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Blue Carbon: An Overlooked Resource

By EarthX Stories posted 07-01-2020 13:31


When environmental conversations turn to carbon a lot of attention is paid to both atmospheric carbon in the form of greenhouse gases and terrestrial carbon such as forests. An often overlooked piece of the global carbon puzzle for both carbon sequestration and as an economic tool to be wielded in international voluntary carbon markets is oceanic carbon, also known as blue carbon.

What is blue carbon? According to the National Oceanic and Atmospheric Administration (NOAA), blue carbon is the “the term for carbon captured by the world's ocean and coastal ecosystems.” The world’s oceans and coastal areas have a powerful effect on sequestering greenhouse gases. Coastal sea grasses, mangrove forests and salt marshes all act as carbon sinks by capturing and holding carbon, and actually does so at a faster rate than terrestrial forests. Carbon sequestered in coastal soil can be as old as thousands of years. Conversely, damaging these ecosystems releases large amounts of carbon back into the atmosphere.

During the recently held EarthxOcean Conference 2020, Steven Lutz, Director, Coastal and Oceanic Blue Carbon, GRID-Arendal, Norway + UNEP, described these coastal ecosystem wetlands as some of the most productive on Earth with benefits including protecting shorelines from storms, acting as fish nurseries and habitats, and sequestering carbon. He said even though mangrove forests, sea grass meadows and saltwater marshes only cover less than 2% of the total area of the oceans, they are vitally important for climate change and are extremely threatened ecosystems. Around 35% of the world’s mangrove forests are already gone said Lutz.

Right now there are a number of global blue carbon initiatives, such as the Blue Forests Project, which is part of the United Nation’s Environment Program. The Blue Forests Project seeks to address the challenge of unlocking the value of coastal carbon and ecosystem services through working toward implementing payment for ecosystem services (PES), carbon market schemes, conservation agreements and other mechanisms that help coastal ecosystems.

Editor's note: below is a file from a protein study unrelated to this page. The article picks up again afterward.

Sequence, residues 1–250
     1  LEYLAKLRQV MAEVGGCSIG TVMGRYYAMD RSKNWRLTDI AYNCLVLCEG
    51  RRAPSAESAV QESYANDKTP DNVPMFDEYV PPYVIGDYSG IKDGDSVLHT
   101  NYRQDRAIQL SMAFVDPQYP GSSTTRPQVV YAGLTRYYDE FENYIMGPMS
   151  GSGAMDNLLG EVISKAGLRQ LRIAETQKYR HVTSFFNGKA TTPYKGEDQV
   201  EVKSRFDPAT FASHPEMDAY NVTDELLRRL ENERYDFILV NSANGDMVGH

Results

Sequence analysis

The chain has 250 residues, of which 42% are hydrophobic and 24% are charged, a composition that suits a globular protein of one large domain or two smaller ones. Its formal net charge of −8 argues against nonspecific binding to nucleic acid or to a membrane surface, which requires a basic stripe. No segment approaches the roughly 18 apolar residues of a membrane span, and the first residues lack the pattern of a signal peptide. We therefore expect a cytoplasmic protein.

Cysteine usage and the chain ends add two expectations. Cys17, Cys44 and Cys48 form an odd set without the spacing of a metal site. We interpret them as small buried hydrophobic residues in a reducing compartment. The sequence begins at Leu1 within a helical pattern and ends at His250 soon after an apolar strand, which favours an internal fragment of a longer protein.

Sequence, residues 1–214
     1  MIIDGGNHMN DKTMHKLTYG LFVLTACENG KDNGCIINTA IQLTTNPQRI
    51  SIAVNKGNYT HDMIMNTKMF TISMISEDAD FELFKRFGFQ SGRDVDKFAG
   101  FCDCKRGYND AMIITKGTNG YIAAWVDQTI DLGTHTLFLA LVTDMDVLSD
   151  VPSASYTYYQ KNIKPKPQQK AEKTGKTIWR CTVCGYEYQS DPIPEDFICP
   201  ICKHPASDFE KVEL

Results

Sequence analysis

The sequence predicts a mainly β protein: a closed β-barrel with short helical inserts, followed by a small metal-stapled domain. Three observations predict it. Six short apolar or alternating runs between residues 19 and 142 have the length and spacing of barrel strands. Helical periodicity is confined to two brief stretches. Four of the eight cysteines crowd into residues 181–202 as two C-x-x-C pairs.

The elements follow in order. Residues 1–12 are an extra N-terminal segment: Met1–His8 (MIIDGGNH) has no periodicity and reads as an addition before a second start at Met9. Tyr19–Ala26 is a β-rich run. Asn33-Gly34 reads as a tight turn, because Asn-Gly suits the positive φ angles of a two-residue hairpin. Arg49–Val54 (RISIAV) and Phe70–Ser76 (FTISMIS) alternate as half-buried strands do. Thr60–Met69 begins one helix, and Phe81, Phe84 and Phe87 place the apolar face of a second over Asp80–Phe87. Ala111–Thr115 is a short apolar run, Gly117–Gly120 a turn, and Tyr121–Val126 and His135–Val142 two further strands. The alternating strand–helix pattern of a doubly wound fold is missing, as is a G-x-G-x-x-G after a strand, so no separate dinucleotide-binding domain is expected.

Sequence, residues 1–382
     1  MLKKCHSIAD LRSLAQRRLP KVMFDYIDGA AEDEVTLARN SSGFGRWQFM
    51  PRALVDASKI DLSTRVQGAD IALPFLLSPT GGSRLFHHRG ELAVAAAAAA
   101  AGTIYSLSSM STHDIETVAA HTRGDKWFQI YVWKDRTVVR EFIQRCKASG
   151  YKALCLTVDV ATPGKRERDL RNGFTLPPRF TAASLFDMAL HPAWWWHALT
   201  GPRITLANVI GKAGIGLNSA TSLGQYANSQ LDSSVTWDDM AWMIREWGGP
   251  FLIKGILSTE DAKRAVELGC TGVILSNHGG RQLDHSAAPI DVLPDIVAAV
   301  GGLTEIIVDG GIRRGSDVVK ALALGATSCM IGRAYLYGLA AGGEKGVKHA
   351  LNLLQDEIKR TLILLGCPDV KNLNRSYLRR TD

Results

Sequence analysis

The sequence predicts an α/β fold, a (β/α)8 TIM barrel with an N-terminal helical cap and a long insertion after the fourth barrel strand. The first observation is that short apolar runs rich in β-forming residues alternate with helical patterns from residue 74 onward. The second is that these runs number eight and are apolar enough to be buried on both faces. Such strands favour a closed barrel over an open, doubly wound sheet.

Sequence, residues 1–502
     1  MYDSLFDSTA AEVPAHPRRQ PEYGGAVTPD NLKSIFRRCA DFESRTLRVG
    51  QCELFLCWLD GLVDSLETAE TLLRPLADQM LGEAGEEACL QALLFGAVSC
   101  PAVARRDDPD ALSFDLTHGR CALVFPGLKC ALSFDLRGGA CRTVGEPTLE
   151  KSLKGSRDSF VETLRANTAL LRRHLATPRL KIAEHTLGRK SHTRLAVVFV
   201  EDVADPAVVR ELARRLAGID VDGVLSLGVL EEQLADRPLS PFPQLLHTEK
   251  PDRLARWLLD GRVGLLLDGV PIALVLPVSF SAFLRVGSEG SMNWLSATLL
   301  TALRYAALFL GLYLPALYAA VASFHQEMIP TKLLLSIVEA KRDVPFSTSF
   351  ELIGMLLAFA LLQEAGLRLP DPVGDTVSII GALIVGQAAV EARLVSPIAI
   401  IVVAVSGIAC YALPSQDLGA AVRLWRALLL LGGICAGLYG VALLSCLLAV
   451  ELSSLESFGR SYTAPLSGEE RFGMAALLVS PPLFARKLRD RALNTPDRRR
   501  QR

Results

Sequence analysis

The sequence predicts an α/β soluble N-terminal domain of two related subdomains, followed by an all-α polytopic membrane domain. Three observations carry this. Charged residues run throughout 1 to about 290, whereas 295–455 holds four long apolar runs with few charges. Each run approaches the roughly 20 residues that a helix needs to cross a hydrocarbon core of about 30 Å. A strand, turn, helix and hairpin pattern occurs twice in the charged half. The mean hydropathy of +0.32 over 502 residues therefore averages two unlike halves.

Examples of this in action include ongoing projects in Ecuador where the government grants local communities the exclusive access to its mangrove resources, particularly a sought-after indigenous crab. Through this project Lutz said the government gets additional eyes on the mangrove forests and community-based conservation while “what the locals get is exclusive access to a lucrative product, and what the world gets is more carbon store in the mangroves.”

Another example is community-based mangrove financing in Kenya which sell mangrove carbon on the global voluntary carbon market for carbon offsets. The profit from these efforts goes toward mangrove conservation and for community projects such as freshwater wells and books for local schools. According to Lutz, this program has already supported increasing the total area of mangrove carbon in the voluntary carbon market by orders of magnitude from just over 100 hectares of mangrove to over 5,000 hectares.

The impact of blue carbon isn’t limited to coastal waters. Interestingly, a key piece in oceanic carbon sequestration is poop. Carbon dioxide is dissolved in the ocean and then consumed by phytoplankton which is in turn eaten by marine life. Carbon sequestration occurs when dead phytoplankton, dead zooplankton and marine life fecal matter sinks to the bottom of the ocean.

“This is important because getting carbon to go as deep as possible is really good for climate change because carbon that is hundreds of meters deep in the ocean can be removed from the atmosphere in far greater timescales than carbon that is associated with the terrestrial ecosystems,” said Lutz.

Carbon in a tree is fixed for hundreds of years, but carbon in deep ocean waters is out of contact with the atmosphere for thousands of years. If those particles reach the bottom of the ocean, they have the chance of entering the geologic record which equates to carbon sequestered on a millennial timescale.

Whales are actually an important element in this process because they store carbon in their bodies and their fecal matter is an important way carbon moves through the oceanic ecosystem. Whale poop found close to the surface becomes a nutrient-rich food for phytoplankton allowing it to grow and store more carbon. And whale bodies themselves become carbon sinks when the animals die and the carbon in their biomass sinks to the bottom of the ocean.

Incredibly, a recent International Monetary Fund study on whales’ contribution to oceanic carbon capture and overall value estimated the value of a single whale in terms of carbon capture and other benefits like whale watching ecotourism was around $2 million per whale and that one while is worth around 1,000 trees in terms of climate change mitigation.

Whether looked at across the open ocean or in coastal wetlands, blue carbon is an all to often overlooked resource for carbon sequestration and valuable resource in the global voluntary carbon market.

Written by:
  David Kirkpatrick


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